When we come into a company to provide work-plan investment services, we do at least three things that the participants have never experienced before:


  1. We tell them what they can expect in the long term and in the short term given the kind of choice they make for their investment mix. No surprises will be coming around any corners in their investment balances as a result of stock-market volatility. They know what can happen.

  2. We show them every dollar they pay every quarter in cost to us and to others – the last page of their statement is dedicated to communicating all fees. Nothing is hidden.

  3. We offer education on-site twice per year (quarterly off-site as well for all clients and smaller companies), and we call each participant three or more times per year to make sure they don’t have questions or discomfort about anything having to do with their investments.

As a result, after a year or so of working with us, the participants contribute more money than they had previously. This, along with sound investment management, increases the sum of the total investments. In turn, this reduces fees and further increases the participant’s incentive to contribute.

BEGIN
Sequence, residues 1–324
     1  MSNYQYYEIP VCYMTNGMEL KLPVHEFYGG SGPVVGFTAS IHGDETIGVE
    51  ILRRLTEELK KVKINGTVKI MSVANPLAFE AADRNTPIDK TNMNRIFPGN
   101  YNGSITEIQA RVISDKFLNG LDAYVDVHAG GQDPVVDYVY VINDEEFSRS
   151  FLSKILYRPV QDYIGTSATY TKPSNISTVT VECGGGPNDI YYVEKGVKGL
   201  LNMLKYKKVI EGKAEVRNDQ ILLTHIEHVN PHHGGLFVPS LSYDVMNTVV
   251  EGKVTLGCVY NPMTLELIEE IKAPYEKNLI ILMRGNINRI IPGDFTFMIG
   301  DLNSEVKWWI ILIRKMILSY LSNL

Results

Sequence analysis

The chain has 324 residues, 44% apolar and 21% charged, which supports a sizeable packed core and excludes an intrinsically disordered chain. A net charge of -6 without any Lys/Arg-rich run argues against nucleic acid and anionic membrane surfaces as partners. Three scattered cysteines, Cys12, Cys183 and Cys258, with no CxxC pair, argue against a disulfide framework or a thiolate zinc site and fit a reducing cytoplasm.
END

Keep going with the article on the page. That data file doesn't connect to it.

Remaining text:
Seems like a rather obvious positive cycle, but you really need to experience it to understand it fully.

When investors are taken seriously, they appreciate it and contribute more.

If your employer’s investments provider has not done the above for you, consider attending our next event. Feel free to bring your HR representative or the CFO of your company (large or small).



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Moon Shots and Millenials: WEB GEMS

We went to the moon! . . . “So what?” says Robert Higgs of Mises Institute.

Corporate “Inversion” . . . The real reason that corporations are reincorporating abroad (and you may just find yourself agreeing with them).

Are your competitors gaining market share? . . . Just stop competing and do what auto dealers in Georgia are doing to Tesla. Sue.

Parenting is not a crime (12:00) . . . Lenore Skenazy of Free Range Kids discusses our irrational obsession with child safety.